Still! And not in a creepy evangelical speak-it-into-existence type of way: My wife is the best thing that ever came into my life. Marrying her is the best decision I ever made. Being married to her is by miles the part of my life I feel best about. I am closer to her than I am to anyone else; I like her more than I like anyone else; I trust her more completely than I knew a person could trust another; she is exciting and cool and I follow her around the house like a cat following a laser pointer. I am so much happier even on the worst days of being married than ever before in single life that I look back at pre-married me with a pity that is both genuine and also ever so slightly mingled with disdain: That poor clueless idiot. That bereft doofus.
I have no idea how many marriages are like mine. Frankly I’m not all that curious about it. I know that my marriage is not What Marriage Is Like; I also know that a marriage can be like my marriage, which I experience simultaneously as both the soil that nurtures pretty much every good thing in my life and also the prettiest and most precious thing growing in that soil, and so my opinion of marriage is that marriage rocks, because it can be that. Maybe other things can be that! I do not know. I know marriage can be that. Anything that gives a person even half as much as my marriage gives to me, in my opinion, is the bee’s knees.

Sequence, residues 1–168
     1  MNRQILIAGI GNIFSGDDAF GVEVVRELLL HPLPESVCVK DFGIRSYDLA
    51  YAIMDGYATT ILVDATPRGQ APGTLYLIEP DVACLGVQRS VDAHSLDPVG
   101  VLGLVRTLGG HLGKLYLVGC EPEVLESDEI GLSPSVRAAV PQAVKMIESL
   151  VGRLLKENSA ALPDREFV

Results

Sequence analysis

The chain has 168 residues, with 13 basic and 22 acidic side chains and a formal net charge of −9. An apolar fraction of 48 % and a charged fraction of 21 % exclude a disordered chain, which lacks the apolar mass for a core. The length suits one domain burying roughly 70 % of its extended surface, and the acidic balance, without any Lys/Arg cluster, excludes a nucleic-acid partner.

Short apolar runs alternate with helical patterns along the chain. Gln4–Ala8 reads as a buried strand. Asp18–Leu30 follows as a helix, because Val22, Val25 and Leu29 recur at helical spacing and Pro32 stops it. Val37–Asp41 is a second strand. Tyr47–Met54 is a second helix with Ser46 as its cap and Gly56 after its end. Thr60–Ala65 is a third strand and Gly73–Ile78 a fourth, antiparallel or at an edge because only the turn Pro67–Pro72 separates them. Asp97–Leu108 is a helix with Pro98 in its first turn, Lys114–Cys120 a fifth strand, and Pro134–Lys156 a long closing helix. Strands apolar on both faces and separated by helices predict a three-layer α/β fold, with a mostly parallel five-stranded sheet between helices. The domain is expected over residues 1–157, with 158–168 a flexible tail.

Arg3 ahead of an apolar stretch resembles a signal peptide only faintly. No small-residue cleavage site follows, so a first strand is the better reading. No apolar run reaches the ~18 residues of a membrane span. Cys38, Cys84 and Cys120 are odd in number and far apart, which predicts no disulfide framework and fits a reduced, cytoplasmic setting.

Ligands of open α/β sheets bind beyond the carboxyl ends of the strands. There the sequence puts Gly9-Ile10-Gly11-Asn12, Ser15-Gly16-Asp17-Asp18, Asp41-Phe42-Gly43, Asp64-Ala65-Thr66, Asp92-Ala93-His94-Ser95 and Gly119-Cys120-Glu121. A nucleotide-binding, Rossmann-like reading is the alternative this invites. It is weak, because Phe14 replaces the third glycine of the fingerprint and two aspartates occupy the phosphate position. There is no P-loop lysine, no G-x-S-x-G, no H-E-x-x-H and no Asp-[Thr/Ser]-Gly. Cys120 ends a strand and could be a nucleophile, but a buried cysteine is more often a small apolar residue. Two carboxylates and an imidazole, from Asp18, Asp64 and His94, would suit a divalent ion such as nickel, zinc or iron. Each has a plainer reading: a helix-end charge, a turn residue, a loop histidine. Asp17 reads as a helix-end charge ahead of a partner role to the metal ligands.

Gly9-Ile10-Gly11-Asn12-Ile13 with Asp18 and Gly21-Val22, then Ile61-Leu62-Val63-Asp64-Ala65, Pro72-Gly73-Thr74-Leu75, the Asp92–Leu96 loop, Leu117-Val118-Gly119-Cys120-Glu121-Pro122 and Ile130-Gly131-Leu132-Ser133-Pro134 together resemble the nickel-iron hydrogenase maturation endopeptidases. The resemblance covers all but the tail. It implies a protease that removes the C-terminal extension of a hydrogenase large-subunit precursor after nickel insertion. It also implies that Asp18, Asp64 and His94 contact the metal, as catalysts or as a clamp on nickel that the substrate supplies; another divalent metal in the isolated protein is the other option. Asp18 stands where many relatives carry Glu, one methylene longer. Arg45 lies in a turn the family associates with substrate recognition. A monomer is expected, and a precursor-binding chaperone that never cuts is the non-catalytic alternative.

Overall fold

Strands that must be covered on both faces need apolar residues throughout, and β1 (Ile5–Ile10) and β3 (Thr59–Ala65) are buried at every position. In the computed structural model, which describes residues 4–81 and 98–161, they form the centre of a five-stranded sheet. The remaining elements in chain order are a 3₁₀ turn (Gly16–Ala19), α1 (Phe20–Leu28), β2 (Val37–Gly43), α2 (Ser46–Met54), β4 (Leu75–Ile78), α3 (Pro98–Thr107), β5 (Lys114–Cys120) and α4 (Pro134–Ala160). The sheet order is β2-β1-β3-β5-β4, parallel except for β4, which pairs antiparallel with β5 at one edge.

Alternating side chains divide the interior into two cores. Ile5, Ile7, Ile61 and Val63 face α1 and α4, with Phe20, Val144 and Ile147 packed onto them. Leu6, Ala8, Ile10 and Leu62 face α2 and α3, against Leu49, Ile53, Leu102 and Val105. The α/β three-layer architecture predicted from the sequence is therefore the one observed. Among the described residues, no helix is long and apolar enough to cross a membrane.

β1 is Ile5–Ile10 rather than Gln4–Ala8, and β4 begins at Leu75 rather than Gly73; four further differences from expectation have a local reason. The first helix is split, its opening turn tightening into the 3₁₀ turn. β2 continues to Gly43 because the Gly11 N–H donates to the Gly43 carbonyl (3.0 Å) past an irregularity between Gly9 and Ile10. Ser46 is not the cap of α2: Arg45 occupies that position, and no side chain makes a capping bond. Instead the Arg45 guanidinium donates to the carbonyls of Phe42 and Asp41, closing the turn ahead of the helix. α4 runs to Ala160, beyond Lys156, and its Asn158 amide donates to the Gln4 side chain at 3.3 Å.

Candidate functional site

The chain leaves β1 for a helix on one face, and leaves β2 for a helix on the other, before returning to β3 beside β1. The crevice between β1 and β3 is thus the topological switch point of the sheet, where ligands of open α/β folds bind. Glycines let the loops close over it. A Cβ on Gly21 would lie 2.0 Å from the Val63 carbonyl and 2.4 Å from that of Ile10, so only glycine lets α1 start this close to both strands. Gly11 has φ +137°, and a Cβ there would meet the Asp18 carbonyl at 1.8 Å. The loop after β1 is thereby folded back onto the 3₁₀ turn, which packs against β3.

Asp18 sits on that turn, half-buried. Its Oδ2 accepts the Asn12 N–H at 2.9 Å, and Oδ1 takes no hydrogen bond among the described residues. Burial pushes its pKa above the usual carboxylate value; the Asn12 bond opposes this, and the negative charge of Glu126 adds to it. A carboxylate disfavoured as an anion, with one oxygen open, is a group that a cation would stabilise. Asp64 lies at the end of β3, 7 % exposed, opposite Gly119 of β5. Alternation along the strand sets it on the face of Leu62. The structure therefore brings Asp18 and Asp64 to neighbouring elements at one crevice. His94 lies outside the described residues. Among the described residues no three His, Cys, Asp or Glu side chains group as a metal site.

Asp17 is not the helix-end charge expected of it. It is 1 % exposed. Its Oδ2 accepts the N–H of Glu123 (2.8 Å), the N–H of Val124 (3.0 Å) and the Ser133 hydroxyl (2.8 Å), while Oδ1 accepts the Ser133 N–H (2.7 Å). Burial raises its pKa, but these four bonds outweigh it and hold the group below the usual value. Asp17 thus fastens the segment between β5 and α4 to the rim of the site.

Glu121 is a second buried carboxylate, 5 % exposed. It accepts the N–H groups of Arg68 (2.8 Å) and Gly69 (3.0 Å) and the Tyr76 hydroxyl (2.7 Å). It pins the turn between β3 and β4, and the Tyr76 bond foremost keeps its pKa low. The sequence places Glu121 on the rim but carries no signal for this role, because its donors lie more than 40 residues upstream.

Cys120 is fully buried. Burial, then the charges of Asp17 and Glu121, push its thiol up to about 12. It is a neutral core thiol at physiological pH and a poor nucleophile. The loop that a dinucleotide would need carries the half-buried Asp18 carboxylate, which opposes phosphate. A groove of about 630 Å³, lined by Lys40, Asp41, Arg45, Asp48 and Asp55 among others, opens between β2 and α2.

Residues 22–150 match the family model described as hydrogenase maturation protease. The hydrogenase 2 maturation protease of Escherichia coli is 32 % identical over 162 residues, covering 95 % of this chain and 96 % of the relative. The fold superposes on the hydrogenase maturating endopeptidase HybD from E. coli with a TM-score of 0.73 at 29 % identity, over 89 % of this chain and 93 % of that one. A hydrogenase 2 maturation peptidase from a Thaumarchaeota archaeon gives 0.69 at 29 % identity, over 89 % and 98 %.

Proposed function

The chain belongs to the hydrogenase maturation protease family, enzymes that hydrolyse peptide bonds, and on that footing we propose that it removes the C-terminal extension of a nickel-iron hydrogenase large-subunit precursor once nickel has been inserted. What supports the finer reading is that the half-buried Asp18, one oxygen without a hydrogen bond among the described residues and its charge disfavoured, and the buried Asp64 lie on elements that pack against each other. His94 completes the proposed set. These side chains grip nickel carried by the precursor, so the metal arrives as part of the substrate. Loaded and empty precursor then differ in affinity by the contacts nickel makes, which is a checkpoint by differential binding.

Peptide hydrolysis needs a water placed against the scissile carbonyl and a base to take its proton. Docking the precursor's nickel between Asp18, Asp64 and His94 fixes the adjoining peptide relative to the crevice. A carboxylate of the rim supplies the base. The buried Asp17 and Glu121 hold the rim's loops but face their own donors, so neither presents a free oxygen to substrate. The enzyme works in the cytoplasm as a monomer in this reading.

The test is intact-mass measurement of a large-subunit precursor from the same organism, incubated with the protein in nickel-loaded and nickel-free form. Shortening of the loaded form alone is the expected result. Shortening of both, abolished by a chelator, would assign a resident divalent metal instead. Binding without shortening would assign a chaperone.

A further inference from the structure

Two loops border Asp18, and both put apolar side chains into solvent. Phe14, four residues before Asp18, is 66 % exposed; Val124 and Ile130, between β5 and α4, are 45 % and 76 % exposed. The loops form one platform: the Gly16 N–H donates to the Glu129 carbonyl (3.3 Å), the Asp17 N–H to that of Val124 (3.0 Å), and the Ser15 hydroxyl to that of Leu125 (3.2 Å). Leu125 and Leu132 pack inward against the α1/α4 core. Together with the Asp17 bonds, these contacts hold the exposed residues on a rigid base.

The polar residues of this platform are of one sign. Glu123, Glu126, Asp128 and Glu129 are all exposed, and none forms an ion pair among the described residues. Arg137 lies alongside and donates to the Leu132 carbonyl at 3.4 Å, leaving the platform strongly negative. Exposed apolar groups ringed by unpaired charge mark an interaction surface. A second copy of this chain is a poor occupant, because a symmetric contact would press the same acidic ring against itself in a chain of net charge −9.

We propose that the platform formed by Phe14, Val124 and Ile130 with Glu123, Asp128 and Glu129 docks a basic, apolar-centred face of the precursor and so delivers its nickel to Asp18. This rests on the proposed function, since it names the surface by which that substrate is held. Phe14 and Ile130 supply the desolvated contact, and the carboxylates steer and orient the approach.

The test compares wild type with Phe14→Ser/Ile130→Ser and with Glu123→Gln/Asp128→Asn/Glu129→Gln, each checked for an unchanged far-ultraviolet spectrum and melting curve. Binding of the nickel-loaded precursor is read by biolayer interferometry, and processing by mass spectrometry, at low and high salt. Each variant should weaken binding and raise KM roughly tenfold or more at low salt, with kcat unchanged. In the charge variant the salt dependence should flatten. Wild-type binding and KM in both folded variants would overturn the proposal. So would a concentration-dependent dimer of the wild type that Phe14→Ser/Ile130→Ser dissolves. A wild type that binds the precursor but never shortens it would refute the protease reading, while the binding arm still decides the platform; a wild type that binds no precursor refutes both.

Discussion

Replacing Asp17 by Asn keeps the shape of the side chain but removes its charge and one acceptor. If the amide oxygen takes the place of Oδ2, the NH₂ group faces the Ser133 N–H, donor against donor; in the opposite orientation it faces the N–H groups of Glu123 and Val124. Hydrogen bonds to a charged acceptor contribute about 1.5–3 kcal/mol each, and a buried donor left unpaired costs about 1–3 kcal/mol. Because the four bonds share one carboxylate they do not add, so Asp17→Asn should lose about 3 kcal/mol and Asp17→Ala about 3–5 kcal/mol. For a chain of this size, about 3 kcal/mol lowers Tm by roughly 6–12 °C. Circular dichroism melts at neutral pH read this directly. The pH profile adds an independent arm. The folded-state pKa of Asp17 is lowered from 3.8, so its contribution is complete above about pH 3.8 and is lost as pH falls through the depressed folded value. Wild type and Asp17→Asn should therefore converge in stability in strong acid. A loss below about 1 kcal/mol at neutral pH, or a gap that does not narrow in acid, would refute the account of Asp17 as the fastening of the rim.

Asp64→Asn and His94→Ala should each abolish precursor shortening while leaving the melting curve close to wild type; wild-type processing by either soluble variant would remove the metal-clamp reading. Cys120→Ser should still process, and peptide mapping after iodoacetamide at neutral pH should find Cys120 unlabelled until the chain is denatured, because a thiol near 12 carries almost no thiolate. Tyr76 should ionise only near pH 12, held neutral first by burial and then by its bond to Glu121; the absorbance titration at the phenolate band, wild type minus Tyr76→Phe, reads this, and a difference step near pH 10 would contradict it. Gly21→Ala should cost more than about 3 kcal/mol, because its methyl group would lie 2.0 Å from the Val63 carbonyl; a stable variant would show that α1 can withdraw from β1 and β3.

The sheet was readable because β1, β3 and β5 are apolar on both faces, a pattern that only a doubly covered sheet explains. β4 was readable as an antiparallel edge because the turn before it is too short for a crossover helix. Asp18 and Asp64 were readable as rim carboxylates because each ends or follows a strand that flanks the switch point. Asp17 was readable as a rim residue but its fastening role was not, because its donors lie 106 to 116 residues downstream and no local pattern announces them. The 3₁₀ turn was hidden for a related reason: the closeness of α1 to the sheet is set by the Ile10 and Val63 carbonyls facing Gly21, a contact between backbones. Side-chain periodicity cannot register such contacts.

It’s weird to write all of that, because I have a strong preference for privacy and a natural inclination toward writing about things that suck, and for the lesser (but possibly more germane to this blog) reason that the conventions of writing about marriage tend to dictate sharing only sour and/or weary thoughts on the subject. Take my wife, and so forth. You are supposed to say things like “Marriage is hard and you have to work at it,” or “I love my spouse and I’m glad we’re together but sometimes I think back on the freedom I had when I was single and it makes me want to cry,” or whatever. You are supposed to say things like “Marriage Requires Amnesia.” And when somebody says something like that, you are supposed to nod along in weary, grey-faced agreement—Yes, marriage is like that, it’s so true—so that nobody will regard you as a naive boob insufficiently jaded by the mean streets of adult life, or a liar.